I don’t receive many emails. Well actually, that’s not strictly true; I usually have about 5 million every morning from various stores offering me their latest deals. So when my phone toots to indicate a new one I’m not always that quick to respond. However, I just happened to be browsing my Inbox when I received a ‘Welcome’ email from Friesenpress – my publisher. As I was waiting to pick up my youngest from school at the time I just quickly glanced at it. The content made me smile, a huge happy ‘OMG!’ sort of smile – you know the kind. It wasn’t just from the company, welcoming me onboard; it was from my very own ‘Author Account Manager’. It was the strangest feeling that suddenly confirmed that this is really really going to happen.
It was essentially an introduction to the person who will be guiding me through the publishing process; she will coordinate everything from ISBNs and copyrights to the final print. She will be my liaison for anything and everything I need to know about this crazy and exciting project that I never, in a million years, thought I would EVER be embarking on. We spoke on the phone, something I think we forget we can still do in this day and age; again it was essentially about introducing ourselves to each other. In the brief conversation we had, I had a good feeling about working with her. I also had to be up front and honest with her – she needed to know that my life is not just school runs and grocery shopping; I am more complicated than the average mum of two.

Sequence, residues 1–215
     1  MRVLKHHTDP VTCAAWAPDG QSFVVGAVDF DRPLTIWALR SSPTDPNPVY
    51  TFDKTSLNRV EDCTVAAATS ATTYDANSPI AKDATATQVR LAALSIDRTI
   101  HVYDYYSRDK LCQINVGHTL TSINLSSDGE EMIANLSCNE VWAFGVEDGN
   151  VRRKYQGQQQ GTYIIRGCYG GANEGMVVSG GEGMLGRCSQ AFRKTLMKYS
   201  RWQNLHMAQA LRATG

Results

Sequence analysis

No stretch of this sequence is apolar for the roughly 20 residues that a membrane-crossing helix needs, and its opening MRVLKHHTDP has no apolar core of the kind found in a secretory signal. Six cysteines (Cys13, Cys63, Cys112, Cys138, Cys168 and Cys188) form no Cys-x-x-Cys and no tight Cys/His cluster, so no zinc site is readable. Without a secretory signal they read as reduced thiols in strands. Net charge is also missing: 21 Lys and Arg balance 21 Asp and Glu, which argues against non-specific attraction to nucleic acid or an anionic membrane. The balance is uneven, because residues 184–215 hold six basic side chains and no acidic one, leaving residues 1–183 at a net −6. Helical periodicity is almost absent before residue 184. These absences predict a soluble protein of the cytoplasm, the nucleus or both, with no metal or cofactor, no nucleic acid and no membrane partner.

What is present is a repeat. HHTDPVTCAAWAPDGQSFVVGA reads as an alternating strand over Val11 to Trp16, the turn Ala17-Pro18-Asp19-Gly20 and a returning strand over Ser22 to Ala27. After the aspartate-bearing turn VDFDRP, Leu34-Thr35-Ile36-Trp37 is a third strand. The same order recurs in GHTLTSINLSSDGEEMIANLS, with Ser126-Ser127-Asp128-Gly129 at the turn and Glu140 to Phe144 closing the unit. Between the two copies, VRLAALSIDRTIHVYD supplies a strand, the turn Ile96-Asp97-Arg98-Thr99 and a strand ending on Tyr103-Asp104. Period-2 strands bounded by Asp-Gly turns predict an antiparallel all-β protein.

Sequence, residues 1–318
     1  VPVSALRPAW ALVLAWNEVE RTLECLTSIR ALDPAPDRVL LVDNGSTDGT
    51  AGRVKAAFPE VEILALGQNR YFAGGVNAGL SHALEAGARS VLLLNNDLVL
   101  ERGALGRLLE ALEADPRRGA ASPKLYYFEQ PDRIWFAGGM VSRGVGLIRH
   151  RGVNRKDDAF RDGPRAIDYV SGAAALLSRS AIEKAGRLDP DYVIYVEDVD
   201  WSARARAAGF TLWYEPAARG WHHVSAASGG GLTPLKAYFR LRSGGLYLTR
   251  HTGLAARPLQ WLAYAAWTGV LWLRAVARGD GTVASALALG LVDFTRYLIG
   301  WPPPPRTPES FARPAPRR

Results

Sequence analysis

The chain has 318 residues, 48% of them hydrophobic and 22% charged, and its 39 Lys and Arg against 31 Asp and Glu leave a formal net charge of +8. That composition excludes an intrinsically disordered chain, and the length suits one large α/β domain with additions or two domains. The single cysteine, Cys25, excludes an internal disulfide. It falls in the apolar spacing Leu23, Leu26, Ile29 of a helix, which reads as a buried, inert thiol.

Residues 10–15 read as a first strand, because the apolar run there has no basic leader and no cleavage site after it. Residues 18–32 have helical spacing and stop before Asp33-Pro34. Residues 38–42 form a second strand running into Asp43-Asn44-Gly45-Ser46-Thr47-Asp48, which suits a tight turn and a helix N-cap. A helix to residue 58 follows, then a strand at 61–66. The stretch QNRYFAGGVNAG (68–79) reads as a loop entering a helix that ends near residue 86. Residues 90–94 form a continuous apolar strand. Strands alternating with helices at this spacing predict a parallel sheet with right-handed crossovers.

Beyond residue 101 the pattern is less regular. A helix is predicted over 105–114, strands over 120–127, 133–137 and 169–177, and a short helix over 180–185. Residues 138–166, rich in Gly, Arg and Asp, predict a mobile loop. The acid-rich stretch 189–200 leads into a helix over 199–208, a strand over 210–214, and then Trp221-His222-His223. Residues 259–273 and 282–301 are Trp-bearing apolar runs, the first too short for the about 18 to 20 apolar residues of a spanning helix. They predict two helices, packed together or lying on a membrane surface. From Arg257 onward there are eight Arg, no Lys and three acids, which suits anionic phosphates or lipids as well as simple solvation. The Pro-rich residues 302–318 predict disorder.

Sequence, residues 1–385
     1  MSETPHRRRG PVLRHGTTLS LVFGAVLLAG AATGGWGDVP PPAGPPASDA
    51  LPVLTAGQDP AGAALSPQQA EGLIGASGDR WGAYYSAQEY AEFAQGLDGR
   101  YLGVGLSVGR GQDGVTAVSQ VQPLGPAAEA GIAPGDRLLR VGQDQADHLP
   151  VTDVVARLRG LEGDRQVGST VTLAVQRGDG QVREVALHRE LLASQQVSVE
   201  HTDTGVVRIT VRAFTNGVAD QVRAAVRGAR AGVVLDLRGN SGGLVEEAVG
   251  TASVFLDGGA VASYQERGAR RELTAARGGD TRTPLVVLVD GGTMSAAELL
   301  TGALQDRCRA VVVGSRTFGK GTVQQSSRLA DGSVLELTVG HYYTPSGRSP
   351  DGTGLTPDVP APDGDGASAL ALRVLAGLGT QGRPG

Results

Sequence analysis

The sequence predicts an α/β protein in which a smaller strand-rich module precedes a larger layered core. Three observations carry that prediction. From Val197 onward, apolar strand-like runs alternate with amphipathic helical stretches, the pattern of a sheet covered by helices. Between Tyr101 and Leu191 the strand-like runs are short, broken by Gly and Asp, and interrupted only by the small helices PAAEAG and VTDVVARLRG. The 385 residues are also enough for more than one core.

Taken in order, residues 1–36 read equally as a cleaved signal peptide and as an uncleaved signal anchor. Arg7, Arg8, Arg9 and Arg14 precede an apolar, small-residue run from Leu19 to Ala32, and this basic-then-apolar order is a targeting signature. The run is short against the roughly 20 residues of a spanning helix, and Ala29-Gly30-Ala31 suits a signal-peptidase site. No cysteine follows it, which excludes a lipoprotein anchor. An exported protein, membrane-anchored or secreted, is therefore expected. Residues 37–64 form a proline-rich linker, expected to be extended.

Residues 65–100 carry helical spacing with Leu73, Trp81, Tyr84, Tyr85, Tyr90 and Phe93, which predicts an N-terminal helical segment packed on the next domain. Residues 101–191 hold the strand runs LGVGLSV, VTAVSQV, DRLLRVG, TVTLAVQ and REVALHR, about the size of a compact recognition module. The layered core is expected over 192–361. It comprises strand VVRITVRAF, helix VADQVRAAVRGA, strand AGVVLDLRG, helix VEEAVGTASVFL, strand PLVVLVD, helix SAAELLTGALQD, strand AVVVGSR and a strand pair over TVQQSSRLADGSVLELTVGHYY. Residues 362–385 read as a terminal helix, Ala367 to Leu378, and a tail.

There are many situations in which I manage to get away with being ‘normal’. I look so ‘normal’ that, until I tell them, people don’t know there is anything wrong with me. This works well in most situations, and, of course, on the phone, but I’m about to begin a process that may require me to dedicate a significant amount of time and effort, so I feel it’s only fair to let the other party know why I may not be quite as capable as others. It’s like my kids’ teachers; I always let them know my situation, for two reasons. The first being obvious – this is what is wrong with me, I do what I can, when I can, the boys know no different. The second is a bit more serious. I inject my biologic every 3 weeks, my boys often see me do this, and I don’t hide it. However, I don’t want any innocent comments my children may make about ‘mummy doing her injection’ to lead to their teachers thinking I’m some raging junkie shooting up – so better to pre-empt and clarify.
It is part of who I am now; no point in hiding it and pretending it doesn’t exist. It and other life experiences have made me a much stronger character. I don’t want to be ‘the poor woman who has a crippling disease, and wrote a book’. I want to be ‘the woman who wrote a book in spite of having a chronic disease’. I am a person first, a mum, a wife, a friend, a nurse, a cook, a housekeeper, a taxi service… I am many things, in spite of what I have, and honestly I’m really just me!!